Event A followed by event B
The title of this post was inspired by a recent post by Opher on temporal semantics of event processing. If you’ve not been following Opher’s posts on this topic, then I suggest that you fully read the linked post before you continue on with my post.
In his post, Opher presents a scenario involving a temporal sequence, in other words “event A followed by event B”. His scenario includes two of these sequences and he illustrates how the use of a temporal sequence might not be as straight forward as it seems.
I think that the temporal sequence is even more complicated than Opher’s illustration shows. In fact, I think that using a temporal sequence will, for many event processing applications, be a time bomb.
The temporal sequence pattern is very tempting, but is inherently fragile. And there are some simple alternatives that can do better. These alternatives are appropriate not only for a scenario where we are tracking individual events but also where we are modeling and inferring about masses of events using a probabilistic approach.
Let’s think about events A and B, where we know the process by which these events are created. Now we know that events A and B each represent an action or a condition where the action or condition of event A must occur before the action or condition of event B. We want to detect the scenario where event A occurs and event B occurs (or where event A occurs and event B does not, or where event B occurs and event A does not).
Since we “know” some underlying facts about events A and B, we might be tempted to model this scenario as “event A followed by event B.” But here are a few things that we might not know, or which might change as time goes on:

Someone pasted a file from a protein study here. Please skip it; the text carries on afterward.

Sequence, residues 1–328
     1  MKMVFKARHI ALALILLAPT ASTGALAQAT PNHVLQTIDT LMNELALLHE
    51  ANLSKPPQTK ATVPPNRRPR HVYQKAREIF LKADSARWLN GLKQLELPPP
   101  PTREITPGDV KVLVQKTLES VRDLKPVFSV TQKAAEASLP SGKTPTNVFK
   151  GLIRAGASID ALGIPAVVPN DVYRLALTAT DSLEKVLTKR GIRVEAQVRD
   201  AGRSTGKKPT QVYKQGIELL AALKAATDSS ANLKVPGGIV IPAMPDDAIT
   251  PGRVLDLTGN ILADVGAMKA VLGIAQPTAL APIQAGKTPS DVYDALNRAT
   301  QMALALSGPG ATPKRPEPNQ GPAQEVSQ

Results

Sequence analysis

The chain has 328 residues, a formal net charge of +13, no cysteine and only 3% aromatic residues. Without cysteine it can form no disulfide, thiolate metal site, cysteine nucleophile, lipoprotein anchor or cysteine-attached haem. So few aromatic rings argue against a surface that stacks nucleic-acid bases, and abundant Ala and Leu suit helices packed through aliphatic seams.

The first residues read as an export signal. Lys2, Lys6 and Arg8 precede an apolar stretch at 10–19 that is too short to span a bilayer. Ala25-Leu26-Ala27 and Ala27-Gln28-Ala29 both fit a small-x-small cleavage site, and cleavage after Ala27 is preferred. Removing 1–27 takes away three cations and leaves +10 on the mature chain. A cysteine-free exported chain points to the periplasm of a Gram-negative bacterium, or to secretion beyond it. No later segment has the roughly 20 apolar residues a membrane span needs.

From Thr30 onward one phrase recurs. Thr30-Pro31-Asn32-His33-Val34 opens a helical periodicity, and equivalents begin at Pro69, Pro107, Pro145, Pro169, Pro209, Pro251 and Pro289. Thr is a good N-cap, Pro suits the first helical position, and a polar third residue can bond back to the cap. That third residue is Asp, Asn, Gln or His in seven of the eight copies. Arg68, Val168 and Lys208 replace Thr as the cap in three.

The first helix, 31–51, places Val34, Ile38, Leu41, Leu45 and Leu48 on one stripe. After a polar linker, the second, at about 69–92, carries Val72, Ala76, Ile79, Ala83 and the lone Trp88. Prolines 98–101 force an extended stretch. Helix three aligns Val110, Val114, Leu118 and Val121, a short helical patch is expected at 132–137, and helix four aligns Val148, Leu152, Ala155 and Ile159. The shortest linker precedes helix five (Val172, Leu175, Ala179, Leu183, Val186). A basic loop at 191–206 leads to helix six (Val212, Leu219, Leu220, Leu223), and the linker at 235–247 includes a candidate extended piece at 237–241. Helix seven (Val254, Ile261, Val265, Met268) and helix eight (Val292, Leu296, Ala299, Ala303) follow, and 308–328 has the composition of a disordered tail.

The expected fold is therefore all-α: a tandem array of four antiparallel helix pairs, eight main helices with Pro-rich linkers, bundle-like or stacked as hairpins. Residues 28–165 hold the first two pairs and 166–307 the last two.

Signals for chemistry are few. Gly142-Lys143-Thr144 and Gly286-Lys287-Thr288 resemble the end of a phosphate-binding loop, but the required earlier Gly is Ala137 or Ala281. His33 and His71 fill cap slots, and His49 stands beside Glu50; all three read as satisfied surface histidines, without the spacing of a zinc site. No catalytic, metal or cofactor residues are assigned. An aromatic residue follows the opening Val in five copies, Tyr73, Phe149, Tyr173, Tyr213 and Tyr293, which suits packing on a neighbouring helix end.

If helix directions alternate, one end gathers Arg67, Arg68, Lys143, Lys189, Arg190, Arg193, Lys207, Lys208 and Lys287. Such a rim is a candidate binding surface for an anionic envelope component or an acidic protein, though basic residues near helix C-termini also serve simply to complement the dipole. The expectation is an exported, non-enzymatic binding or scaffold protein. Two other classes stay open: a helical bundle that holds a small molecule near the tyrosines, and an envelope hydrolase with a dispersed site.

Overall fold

- We don’t know whether event A will be delivered to us before event B. And even if we do know this now, it might change in the future as applications are moved among servers or as the logic that generates A and B is refactored.
- Even though the action for A will happen before the action for B, we do not know that the time stamps on events A and B will reflect this. A simple code change can cause event B to acquire a time stamp earlier than that of event A.
In other words, for many applications, even though we know that event A should happen before event B, we can’t count on either the time stamps on these events or on the delivery times to reflect this ordering.
We may know something about the underlying meanings of events A and B, but we don’t know whether the software or the network are cooperating with our understanding. Even worse, we can look into the software and the network and see a pattern that exists now, but we can’t guarantee that this pattern will remain constant over time (let’s say 4 or 5 years, the minimum life of our event processing solution).
Now let’s look at what we do know that will probably remain constant:
- We may have some way to match an event B to a particular event A. Maybe there is a transaction ID or some other linking identifier included in the events.
- We know that there is an underlying meaning to these events. Even if we see an event B before an event A, we know that in fact they represent the reverse order.
So a less fragile method of looking at these events:
- We are looking for events A and B where the events have some way of matching to each other (transaction id or similar). If we don’t have this identifier, then we recognize that the pattern detection will be more fragile but we continue on with subsequent assumptions.
- The events occurred within a certain time window of each other. In other words, we can be sure that “|timestamp(A) – timestamp(B)| < X” for some X. Where timestamp() is added to the events when they are generated.
- We assume that there is a bound on the delay for the arrival of events. In other words, the network may be slow or the message bus may be down, but there is a some maximum delay for events. This maximum delay may be a few seconds for some applications and a few days or more for others. We would prefer not to have this bound, but in practice we can’t wait forever.
The above assumptions can be turned into an event detection pattern with very simple semantics. It works just like a temporal sequence (it is a partial ordering relation), but it’s less fragile. And these assumptions are as appropriate for a probabilistic approach to event detection as they are to a track-and-trace approach.
My alternative pattern is not always appropriate and sometimes the strict temporal sequence is better. But I think that both options should be available from a truly complete event pattern matching product.